10:11 PT - DM: Some developers have come to Apple saying there are other business models they'd like: subscriptions, for example. Magazine publishers would like to have those; game developers would like to be able to sell additional levels from inside the game; other new content that developers might want to sell from inside the application—ebooks, for example. Ebook developers would like to sell ebook app, and then put bookstore in the app. All of these additional purchase models will be supported in iPhone 3.0 with In-App Purchase.

10:12 PT - DM: He's showing off a magazine app, where you can purchase 6 more months for $4.99. Here's a game, where you can purchase additional levels from inside the app. Now, here's a city guide, where you can sell different guides from inside the app. The whole thing is tied into the iTunes Store; tap on "buy" and it brings up the standard iTunes credential panel.

10:13 PT - JS: This is a big addition in terms of flexibility, but it also lets certain content providers finally take advantage of the store. For example, a newspaper could sell a premium subscription via their iPhone app. (Might this help save the newspapers from destruction?) Likewise it lets you download a single app and then add content to it. Nice. Before there were issues about apps for content providers, because they last forever. It was just a one-time fee. Now publishers can charge monthly or yearly (or whatever) and get an ongoing revenue stream.

10:14 PT - DM: The business model for in-app purchase is same as App Store. Developer sets price; 70% of the revenue for developer (Apple takes the 30% cut, but no credit card or hosting fees). This is for paid apps only. Free applications remain free; you can't buy things from inside free applications.

10:15 PT - DM: Peer to Peer connectivity—especially good for peer-to-peer games. Now an API lets you find all the other iPhones/iPod touches in the area playing the same game, so now you can play games with your friends over the network locally. Automatic discovery, all over Bluetooth (not via Wi-Fi), and there's no pairing—completely seamless. It also uses Bonjour. Plus, it's not just for games—works for any peer-to-peer application.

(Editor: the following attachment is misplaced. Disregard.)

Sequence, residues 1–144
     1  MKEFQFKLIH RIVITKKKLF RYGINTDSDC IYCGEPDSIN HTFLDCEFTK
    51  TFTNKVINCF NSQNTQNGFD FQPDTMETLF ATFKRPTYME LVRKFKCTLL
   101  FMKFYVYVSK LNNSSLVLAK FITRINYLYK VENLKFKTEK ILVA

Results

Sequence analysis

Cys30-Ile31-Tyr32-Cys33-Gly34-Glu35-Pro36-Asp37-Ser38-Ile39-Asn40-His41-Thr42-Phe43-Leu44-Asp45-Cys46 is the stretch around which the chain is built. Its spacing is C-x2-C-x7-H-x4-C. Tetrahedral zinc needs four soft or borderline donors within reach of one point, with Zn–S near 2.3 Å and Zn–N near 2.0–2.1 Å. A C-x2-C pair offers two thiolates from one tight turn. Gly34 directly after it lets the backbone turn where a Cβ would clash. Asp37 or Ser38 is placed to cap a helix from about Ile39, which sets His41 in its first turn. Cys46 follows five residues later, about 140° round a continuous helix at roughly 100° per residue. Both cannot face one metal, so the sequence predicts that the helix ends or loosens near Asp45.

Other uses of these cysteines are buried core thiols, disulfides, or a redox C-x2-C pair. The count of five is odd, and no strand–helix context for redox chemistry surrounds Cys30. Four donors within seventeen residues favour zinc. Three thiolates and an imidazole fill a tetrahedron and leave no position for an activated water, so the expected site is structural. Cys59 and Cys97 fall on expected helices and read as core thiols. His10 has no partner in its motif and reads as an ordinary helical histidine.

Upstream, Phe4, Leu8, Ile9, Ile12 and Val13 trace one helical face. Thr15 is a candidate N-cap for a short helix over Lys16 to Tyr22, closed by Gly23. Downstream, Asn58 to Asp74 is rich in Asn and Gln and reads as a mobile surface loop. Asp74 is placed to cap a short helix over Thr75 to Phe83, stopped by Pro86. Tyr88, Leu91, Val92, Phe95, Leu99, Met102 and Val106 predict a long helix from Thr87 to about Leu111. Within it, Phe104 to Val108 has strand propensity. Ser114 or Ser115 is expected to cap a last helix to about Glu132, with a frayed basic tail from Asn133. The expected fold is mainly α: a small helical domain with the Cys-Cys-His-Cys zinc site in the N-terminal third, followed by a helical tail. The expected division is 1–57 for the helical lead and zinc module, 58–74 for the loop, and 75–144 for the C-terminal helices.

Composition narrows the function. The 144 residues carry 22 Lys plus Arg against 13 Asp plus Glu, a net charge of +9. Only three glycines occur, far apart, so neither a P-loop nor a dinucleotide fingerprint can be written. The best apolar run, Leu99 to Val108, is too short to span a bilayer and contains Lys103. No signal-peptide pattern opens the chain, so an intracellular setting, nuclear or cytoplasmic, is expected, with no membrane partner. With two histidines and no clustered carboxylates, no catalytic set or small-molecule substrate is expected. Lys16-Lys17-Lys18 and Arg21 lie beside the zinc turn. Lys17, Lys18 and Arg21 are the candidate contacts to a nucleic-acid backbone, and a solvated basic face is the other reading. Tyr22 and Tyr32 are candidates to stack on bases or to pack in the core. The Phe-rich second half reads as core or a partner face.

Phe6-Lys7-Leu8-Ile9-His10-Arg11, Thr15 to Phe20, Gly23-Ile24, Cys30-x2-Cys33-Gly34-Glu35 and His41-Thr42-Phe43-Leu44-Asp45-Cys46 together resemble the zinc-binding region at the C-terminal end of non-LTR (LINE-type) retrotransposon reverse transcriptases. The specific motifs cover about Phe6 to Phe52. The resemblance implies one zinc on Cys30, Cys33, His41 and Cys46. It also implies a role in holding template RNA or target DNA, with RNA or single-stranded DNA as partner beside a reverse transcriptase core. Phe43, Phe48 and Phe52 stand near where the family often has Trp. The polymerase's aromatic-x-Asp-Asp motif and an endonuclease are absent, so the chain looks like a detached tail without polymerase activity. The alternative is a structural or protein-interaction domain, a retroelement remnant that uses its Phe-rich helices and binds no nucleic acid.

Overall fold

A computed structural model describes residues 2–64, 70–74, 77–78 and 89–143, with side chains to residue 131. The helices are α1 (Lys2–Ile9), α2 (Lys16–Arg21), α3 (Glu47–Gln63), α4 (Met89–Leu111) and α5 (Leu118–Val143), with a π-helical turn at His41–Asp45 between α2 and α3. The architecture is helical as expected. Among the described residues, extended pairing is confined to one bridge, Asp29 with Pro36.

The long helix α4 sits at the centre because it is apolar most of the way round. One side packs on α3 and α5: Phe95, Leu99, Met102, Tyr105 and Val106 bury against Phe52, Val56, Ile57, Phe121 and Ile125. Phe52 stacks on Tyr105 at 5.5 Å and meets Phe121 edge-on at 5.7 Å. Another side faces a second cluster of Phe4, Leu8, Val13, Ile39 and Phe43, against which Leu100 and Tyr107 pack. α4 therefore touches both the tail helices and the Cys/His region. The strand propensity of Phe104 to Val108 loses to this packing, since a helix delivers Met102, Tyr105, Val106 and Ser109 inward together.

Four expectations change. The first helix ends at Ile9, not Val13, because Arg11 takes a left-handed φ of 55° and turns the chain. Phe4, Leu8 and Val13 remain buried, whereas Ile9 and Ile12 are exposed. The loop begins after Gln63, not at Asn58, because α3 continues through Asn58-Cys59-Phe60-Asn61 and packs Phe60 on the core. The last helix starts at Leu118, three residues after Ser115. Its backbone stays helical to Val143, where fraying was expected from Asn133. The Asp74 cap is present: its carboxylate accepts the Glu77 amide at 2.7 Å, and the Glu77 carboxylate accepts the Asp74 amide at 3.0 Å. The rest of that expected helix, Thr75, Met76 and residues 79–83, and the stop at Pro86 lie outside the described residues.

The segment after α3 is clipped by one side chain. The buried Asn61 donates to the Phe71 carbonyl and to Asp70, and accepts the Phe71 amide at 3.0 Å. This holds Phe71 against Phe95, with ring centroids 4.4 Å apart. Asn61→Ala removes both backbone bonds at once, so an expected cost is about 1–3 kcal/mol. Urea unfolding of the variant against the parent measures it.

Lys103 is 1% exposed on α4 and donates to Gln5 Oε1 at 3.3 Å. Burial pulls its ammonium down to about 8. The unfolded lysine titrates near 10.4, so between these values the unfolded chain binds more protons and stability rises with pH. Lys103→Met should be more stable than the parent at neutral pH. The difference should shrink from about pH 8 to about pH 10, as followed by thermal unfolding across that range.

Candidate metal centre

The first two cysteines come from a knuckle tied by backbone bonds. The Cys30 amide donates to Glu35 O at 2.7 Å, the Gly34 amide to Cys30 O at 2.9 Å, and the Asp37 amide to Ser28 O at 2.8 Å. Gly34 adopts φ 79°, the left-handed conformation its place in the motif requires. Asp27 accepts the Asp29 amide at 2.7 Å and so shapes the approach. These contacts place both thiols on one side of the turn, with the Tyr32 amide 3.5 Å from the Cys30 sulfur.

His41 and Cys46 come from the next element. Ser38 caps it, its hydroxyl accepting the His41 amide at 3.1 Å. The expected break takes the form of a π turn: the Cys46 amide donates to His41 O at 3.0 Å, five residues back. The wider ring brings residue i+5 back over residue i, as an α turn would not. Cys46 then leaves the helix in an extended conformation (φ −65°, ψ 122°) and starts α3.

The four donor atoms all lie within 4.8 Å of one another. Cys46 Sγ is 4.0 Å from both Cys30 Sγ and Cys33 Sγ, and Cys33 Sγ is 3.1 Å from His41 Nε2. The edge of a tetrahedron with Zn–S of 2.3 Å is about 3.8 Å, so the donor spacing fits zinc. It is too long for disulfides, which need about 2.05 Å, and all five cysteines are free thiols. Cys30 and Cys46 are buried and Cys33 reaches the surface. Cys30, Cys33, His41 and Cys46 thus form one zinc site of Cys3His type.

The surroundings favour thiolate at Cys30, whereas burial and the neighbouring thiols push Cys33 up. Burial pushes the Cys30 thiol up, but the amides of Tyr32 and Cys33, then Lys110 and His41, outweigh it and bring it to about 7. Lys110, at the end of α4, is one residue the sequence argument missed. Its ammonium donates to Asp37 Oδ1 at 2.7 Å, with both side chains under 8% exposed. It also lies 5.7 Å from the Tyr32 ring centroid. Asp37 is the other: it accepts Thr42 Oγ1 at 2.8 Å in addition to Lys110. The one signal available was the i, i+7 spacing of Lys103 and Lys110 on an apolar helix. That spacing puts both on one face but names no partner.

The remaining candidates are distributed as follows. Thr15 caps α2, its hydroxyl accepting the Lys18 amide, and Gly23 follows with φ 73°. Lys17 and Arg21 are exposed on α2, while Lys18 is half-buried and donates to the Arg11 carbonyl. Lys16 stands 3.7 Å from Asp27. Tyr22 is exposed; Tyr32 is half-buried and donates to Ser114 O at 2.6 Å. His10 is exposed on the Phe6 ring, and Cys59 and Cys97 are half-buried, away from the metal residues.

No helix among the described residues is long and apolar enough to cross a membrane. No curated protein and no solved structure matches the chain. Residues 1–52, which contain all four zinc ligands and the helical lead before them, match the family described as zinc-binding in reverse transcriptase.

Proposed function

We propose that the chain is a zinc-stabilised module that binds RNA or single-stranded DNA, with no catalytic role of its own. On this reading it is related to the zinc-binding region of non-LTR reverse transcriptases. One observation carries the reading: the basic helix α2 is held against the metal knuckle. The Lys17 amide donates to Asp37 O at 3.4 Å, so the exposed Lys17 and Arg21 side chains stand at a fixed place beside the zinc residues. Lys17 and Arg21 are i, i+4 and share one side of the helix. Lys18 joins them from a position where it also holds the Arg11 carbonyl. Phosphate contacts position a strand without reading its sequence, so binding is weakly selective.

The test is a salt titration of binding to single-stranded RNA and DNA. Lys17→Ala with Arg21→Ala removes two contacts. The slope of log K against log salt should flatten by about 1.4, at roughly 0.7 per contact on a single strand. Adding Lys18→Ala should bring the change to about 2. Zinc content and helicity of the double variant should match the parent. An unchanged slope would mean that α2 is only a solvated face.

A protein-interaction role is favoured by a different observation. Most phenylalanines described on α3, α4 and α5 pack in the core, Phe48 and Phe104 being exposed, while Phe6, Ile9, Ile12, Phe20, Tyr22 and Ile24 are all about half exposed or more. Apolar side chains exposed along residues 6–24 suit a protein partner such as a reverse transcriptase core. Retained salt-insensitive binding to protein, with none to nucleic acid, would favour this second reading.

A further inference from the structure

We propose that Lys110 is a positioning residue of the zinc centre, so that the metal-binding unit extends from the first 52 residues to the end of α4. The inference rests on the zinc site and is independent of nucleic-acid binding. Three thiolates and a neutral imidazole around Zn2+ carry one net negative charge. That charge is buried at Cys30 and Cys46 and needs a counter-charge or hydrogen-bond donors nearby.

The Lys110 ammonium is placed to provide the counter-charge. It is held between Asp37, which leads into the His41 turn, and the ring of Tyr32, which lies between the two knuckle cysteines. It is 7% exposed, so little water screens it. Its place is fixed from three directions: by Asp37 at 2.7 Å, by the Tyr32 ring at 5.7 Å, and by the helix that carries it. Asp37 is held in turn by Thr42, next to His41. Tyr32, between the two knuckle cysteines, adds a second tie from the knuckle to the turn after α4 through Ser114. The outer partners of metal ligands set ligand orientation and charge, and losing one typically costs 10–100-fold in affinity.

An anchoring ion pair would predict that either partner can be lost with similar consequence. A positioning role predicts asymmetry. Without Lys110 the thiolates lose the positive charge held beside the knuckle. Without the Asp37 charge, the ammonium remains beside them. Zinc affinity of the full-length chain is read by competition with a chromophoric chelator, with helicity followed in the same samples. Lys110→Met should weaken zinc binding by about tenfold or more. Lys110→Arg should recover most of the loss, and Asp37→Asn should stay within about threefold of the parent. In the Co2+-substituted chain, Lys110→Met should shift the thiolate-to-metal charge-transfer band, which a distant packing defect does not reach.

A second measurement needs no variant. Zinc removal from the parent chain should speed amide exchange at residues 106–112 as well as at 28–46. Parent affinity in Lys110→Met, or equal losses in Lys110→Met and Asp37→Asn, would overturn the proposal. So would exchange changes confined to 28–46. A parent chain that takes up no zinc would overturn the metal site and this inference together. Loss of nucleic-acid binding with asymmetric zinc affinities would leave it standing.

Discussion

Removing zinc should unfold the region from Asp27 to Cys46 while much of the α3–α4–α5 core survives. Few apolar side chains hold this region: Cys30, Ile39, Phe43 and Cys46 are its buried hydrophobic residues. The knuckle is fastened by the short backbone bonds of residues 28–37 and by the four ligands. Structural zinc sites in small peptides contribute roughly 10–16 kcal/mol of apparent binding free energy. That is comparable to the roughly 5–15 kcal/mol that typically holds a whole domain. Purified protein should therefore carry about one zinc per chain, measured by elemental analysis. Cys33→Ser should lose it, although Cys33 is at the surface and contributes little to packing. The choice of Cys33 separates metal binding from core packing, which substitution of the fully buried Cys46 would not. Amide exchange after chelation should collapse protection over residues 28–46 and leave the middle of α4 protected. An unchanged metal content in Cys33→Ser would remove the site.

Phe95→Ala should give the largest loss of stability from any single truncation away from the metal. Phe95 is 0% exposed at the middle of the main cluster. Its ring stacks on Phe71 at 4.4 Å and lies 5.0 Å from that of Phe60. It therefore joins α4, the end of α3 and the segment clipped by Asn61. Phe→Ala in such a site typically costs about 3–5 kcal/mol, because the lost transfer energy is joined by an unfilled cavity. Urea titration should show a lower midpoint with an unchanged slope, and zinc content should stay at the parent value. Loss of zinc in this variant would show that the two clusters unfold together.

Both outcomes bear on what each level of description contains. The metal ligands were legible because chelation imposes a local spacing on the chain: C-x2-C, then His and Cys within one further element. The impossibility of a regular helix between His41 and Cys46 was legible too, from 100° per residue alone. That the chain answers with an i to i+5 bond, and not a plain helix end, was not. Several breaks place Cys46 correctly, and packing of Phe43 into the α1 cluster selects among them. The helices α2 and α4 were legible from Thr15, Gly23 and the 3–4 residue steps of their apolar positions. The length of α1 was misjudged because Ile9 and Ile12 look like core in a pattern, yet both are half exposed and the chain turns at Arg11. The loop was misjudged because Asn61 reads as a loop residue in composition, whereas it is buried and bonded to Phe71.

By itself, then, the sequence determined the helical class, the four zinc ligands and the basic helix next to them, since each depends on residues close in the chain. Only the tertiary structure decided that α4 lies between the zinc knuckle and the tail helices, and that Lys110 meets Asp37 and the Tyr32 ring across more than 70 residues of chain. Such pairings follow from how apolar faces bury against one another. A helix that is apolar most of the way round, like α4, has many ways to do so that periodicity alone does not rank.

10:16 PT - JS: Using Bluetooth is really smart, since it means you can play games or share information with anyone, regardless of whether or not there's a wi-fi network around. Makes it much easier. (But what does that mean about iPod touch?)

10:16 PT - DM: Here's an example: you'd like to send somebody a contact. Your company could build an application that will find your colleague's phone and share that contact.

10:17 PT - DM: Next up, accessories. Thousands of developers are building thousands of accessories that work with iPods and iPhones. Here's a speaker, for example: plug your iPhone in and listen to your music. With iPhone 3.0 support is going to the next level: enable accessory developers to build custom applications that talk right to the accessories. Speaker manufacturer can build an equalizer app that can adjust settings of the speaker. Or an FM Transmitter; you can build an app to help find the optimal frequency and tunes it automatically.

10:18 PT - JS: This has been a huge request for some time -- giving apps access to hardware attached via the dock connector. The possibilities are really endless. Certainly accessory vendors will be jumping for joy at this news. And Apple's suggestion that this could be used in medicine is fascinating -- Apple really loves showing off the medical industry at these events.

10:18 PT - DM: Another category: medical applications. For example, a blood pressure cuff that talks to the phone and can help you track your blood pressure over time. So, developers can now take more advantage of accessories, talking to accessories via dock-connector *or* via Bluetooth. You can also build your own custom protocols, as well as use the standard protocols (listening to music, for example).

10:19 PT - JS: I'm sensing a strong support for Bluetooth in this presentation so far. Given how bad Bluetooth has been on the iPhone up to now, I'm really encouraged. Is there more?

10:20 PT - DM: Next up is Maps. Worked with Google to build incredible Maps application. Developers would like to embed map into application, but would like a CocoaTouch control that can wrap Maps and insert into applications, and that's what they're offering in iPhone 3.0. The heart of the Maps application is now an API that allows you to embed a map directly in your app. As an example, here's a Concierge application that embeds a map—supports satellite, hybrid, map views, adding own locations, pinch-and-zoom, GPS, and Wi-Fi/cell location. Can even reverse geocode your location.